Today is my first day back at my desk, and even though it feels as if summer only began last week autumn is certainly in the air. This is my favourite time of year. There’s something about the slant of morning light in September that makes me think about fresh notebooks and starting back to school. Maybe I’m just a perennial student at heart. Last September I felt a particular pang of envy, and, as I was taking a short break from reading manuscripts anyway, on a whim one Friday night as the new series of Graham Norton was coming on (no, not more Hollywood hard-sell), I signed up for a creative writing course ‘that approaches writing with the rigour of academia and also as a contemplative practice’. I needed a refresher, and wanted some inspiration, and this felt like a perfect fit.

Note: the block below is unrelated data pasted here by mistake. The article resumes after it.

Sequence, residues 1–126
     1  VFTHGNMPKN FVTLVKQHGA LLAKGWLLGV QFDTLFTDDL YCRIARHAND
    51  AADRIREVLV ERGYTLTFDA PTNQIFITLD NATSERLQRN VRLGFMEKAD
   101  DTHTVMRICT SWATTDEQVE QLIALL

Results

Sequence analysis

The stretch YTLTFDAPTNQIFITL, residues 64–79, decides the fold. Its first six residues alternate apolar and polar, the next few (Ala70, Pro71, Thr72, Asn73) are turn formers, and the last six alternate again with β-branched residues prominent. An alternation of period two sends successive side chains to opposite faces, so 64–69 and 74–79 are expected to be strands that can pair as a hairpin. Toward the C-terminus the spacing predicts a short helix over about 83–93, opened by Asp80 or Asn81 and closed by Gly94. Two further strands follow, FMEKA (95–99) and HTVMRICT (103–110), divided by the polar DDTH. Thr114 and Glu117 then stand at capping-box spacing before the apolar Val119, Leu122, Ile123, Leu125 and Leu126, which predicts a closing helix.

That course was called Story Is A State Of Mind, which is run by Canadian writer Sarah Selecky, author of the story collection The Cake Is For The Party. The course is online and self-paced, which suited me just fine (I’m also something of a hermit at heart). I started the next day, the Saturday, and organised it into a mini retreat of three weeks, three days for each of the seven units.
Those units have the following titles:
* What Starts A Story?
* Plot and Drift
Each unit includes a lecture, readings and reading debriefs, shorter exercises of writing practice, and a longer writing assignment. These materials come in the form of thoughtful audio podcasts (usually between ten and twenty minutes long), alongside print notes in PDF format transcribing the audio. There are also four video lectures, as well as links to other recordings and videos of writers talking about writing; I found the one with Ira Glass particularly incisive. The podcasts occasionally use breezy transition music that succeeds in being ever so energising in setting the tone for the work you have to do. Jaunty jingles clearly rouse me.